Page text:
This week’s Prompt For The Promptless is about logomania:
Logomania is defined as an obsessive interest in words or, alternatively, excessive and often incoherent talking.
I’m not really a logomaniac, but I do have a fascination with language. I relate much more to the first part of the definition than the excessive, incoherent talking part. I’m more of a lexicon fan than a logomaniac. I think every writer is to a certain extent.
I love the English language. It is so old that there are words that haven’t been uttered in centuries. It’s really impossible to know the entire language, which is what makes it fun. One of my favorite things to do is dig out random words that no one has heard since your grandpappy was a pup and start using them again for the hell of it.
I’ve already discussed weird phrases and what they mean, obscure insults, and I’ve even made up some of my own words, but today, we’re going to talk about some words that have gone AWOL from English, when they shouldn’t have. Some of them don’t even have synonyms. These are words that are so rad that they really should come back into style.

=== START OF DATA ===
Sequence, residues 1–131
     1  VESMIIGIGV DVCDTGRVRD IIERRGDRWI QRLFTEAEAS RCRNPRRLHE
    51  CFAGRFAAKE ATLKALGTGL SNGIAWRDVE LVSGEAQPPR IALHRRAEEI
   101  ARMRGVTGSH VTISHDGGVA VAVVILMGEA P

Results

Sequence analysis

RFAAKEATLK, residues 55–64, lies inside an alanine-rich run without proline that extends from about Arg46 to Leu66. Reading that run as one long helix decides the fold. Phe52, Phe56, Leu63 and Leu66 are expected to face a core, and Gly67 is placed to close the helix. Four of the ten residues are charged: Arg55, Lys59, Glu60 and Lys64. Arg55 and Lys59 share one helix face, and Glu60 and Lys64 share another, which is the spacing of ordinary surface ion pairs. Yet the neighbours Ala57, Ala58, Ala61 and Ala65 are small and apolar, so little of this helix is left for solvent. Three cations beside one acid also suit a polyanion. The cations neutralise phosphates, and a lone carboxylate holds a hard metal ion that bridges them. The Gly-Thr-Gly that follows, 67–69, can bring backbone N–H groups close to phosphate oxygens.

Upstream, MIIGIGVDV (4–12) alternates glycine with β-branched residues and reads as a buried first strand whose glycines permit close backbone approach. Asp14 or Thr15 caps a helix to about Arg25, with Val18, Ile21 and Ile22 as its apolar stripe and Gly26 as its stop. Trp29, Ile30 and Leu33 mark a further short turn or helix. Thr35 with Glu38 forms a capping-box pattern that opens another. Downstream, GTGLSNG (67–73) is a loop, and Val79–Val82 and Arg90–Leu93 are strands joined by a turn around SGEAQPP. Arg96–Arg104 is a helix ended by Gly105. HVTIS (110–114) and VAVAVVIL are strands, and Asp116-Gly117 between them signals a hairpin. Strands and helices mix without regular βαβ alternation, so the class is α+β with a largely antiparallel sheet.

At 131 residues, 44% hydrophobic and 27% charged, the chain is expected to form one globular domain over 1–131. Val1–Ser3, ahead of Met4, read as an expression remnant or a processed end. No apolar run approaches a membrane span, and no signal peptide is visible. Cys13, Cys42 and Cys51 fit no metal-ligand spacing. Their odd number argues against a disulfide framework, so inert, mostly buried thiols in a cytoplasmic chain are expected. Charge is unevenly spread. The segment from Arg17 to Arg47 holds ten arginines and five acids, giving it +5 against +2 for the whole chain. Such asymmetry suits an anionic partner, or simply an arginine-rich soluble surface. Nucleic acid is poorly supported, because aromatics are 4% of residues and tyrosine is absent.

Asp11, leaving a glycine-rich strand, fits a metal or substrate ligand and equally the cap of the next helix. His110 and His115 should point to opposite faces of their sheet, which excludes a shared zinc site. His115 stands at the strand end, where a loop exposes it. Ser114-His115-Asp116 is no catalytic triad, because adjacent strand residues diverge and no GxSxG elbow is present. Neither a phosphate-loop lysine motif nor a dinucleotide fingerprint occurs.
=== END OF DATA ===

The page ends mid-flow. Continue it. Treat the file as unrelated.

- A form of irony where a person feigns disinterest in something while actually desiring it.
Stanley used accismus to hide the fact that he was in love with Sylvia.
- To speak or discourse at length in a pompous or boastful manner.
Stanley ignored the fact that Sylvia was looking for a polite way to change the conversation and went on bloviating.
Synonyms: bluster, boast, crow, exult, gasconade, gloat, grandstand, prate, puff, rodomontade, showboat, shuck, swagger, vaunt.
Derivatives: verb bloviates, bloviated, bloviating, noun bloviation
- In disarray or disorder; askew.
Stanley’s shirt was cattywampus when he came back from the bathroom.
- Not directly across from nor adjacent to ; located diagonally across from something
The bathroom was cattywampus from the kitchen.
- Disorganized; poorly done; chaotic.
Sylvia thought this whole night was turning out cattywampus.
Synonyms: 1. Askew, awry, crooked, off-kilter. 2. skewampus, catercorner, catty-corner, kitty-corner. 3. haphazard, jumbled, mixed up.
Alternate forms: catawamptious, catawampous, cattywampous, caliwampus, caliwampous, cankywampus, kittywampus, gittywampus.
Derivatives: comparative more cattywampus, superlative most cattywampus
- To eat noisily or greedily.
Sylvia could not stand the way Stanley chanked his food as if he hadn’t eaten in years.
- Food that is spit out, like pits or seeds.